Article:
Wednesday, December 27, 2006

Gerald Ford, Football Star

The news came over the wire late yesterday that former President Gerald Ford has passed away at the age of 93. Many others will write about his career as a public servant, but I wanted to take an opportunity to briefly recount that in his youth, Ford was a great football player.

In the mid 1930s, Ford was one of the stars on a powerhouse team at the University of Michigan. He played center and defensive lineman in an era when every man played both offense and defense. His Wolverines were national champions in 1932 and 1933, and Ford was voted as the team's most valuable player in 1934. Ford played in the annual East-West College All-Star game in San Francisco in January of 1935 and the College All-Star football game at Soldier Field against the Chicago Bears in August of that year. Two different NFL teams offered him a contract -- the Detroit Lions and the Green Bay Packers -- but he spurned them to continue his education. Ford went to Yale University, where he worked as the boxing coach and assistant football coach while pursuing his law degree.

In later years, as people reminded the President of his athletic prowess, he was always humble. While making an appearance at his alma mater in 1976 he said:
In those stories that I was a great all-time center, I found this--the longer you get away from the reality, the bigger those stories get. ... And I can only say that they get better, because the longer you are away from school, the fewer there are of people to tell the truth about what happened.

Monday, December 25, 2006

Saying Farewell to 2006

At the end of the year, various media outlets like to look back at the prominent people who've passed away during the year. The sports world lost some legends in 2006, including Red Auerbach, Byron Nelson, and Floyd Patterson. The folks at ESPN's page2 opted for a different approach, recognizing the players and coaches who called it quits during the year. From AA (tennis great Andre Agassi) to ZZ (scocer star Zinezane Zidane), they offer a final sendoff to some of their favorites... while they're still around to appreciate it.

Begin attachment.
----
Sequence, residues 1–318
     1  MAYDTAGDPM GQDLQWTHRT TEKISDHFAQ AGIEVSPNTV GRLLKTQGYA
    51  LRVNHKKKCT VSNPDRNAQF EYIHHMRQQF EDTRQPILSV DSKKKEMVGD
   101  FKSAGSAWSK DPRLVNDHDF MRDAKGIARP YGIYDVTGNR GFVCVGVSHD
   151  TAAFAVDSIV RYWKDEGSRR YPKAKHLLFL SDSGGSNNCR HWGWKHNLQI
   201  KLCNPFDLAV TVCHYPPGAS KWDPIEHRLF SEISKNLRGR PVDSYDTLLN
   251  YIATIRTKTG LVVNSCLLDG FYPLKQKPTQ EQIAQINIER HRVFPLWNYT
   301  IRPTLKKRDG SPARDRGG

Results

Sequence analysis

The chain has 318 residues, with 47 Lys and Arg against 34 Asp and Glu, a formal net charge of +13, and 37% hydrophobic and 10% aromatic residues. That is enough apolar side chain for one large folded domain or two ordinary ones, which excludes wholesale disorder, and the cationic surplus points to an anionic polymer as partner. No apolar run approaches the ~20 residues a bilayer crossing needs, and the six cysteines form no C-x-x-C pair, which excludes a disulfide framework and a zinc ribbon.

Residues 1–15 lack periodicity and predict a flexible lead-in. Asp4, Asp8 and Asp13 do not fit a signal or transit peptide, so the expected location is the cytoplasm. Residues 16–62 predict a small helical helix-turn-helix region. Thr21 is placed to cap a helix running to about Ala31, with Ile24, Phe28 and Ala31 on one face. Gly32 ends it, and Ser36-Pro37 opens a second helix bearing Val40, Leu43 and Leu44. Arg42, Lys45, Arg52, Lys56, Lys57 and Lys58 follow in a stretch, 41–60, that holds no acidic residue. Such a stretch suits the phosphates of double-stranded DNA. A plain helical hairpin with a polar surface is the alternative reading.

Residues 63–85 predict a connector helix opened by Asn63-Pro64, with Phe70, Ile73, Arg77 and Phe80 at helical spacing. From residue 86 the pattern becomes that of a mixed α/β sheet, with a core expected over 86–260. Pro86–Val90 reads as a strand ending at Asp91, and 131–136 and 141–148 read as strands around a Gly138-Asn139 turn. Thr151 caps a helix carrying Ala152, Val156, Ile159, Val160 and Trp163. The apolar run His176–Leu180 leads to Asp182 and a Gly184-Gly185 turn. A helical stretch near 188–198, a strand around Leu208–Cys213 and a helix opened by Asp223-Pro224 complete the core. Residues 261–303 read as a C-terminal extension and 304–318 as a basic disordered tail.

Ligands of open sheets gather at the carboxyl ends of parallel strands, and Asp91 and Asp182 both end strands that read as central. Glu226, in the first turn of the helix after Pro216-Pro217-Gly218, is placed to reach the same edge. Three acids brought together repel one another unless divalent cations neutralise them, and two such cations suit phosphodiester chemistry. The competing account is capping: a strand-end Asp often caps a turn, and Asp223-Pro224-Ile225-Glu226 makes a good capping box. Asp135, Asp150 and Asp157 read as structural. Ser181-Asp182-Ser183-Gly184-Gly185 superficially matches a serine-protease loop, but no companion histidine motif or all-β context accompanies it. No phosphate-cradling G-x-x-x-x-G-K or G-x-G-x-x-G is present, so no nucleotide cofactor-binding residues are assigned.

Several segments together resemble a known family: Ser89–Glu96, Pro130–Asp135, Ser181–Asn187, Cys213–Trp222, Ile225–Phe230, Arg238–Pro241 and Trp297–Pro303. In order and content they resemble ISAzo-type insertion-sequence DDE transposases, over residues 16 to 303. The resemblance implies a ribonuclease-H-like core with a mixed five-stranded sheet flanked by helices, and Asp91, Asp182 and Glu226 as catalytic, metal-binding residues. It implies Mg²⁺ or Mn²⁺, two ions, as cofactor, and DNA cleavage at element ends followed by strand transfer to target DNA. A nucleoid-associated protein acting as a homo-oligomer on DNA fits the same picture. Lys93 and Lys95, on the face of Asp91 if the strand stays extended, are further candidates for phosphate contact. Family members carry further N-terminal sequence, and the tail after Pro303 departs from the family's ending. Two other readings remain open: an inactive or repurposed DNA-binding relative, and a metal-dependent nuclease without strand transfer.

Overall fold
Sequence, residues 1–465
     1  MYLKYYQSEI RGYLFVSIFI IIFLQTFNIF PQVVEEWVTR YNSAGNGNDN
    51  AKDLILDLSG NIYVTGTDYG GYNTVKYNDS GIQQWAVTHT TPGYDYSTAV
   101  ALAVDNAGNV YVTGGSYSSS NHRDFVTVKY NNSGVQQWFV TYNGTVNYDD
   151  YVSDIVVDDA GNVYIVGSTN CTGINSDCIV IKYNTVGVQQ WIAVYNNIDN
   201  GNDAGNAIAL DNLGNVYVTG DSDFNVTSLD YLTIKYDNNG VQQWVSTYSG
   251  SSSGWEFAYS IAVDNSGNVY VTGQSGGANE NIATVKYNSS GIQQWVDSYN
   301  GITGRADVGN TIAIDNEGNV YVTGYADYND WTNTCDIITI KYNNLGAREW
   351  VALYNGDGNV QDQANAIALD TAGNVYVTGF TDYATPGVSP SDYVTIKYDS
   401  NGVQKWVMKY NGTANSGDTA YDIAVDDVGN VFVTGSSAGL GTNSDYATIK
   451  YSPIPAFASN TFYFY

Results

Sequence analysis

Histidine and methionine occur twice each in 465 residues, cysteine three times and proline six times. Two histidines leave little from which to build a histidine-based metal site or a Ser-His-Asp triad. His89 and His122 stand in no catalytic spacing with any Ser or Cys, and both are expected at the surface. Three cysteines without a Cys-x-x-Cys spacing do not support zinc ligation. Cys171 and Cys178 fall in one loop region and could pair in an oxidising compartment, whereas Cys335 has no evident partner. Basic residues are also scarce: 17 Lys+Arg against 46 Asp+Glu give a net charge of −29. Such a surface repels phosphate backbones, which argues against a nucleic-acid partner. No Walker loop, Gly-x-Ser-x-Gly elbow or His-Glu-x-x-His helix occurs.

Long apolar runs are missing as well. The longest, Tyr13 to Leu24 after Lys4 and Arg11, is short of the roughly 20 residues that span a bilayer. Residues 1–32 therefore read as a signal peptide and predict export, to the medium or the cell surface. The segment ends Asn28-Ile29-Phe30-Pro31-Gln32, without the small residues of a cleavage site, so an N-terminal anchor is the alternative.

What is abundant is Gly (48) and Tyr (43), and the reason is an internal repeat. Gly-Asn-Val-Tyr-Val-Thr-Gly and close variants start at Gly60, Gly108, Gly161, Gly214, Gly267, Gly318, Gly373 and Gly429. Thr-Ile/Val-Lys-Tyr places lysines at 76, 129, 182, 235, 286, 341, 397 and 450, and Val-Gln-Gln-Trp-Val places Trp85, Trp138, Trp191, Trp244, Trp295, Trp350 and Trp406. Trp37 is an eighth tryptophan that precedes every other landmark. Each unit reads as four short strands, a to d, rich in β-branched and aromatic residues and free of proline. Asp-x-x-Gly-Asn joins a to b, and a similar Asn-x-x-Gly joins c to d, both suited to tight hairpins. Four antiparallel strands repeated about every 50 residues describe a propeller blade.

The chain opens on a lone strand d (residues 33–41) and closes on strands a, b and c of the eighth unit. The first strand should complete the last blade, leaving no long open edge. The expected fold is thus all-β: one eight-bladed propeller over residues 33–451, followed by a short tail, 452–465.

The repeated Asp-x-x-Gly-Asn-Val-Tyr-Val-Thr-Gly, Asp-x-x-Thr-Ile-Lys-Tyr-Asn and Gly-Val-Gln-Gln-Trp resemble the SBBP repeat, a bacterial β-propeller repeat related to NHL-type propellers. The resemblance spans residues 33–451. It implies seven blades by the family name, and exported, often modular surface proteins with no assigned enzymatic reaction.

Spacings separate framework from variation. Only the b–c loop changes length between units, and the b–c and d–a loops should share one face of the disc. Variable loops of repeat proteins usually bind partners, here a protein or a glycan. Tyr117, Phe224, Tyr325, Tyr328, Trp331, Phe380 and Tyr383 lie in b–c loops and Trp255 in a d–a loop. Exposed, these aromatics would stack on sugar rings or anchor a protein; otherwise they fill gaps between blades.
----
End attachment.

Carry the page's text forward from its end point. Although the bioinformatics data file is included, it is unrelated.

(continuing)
Sunday, December 24, 2006

Federer and Woods

Tiger Woods is the most dominant golfer of his era. Roger Federer can say the same thing about men's tennis. The two champions have formed an unlikely friendship, traveling to watch each other play and comparing notes over dinner. What kind of things do the two talk about? Woods told Time magazine, which profiled the pair in their "People Who Mattered 2006" feature.
"It's more the mind-set: what it takes to do what we do, how do you manage all that, the balancing act. We pick each other's brain." They exchange tips on training and preparing for big events. Woods was wowed by Federer's media load; he does press conferences in three languages. Tiger also got some help with his backhand. "He plays much more tennis than I play golf," says Federer, "but that is going to change when I retire." He'll know who to call for a game. "It's been a really neat relationship," says Woods. "Roger and I are going to be friends for a very long time."

Friday, December 22, 2006

Paying the Price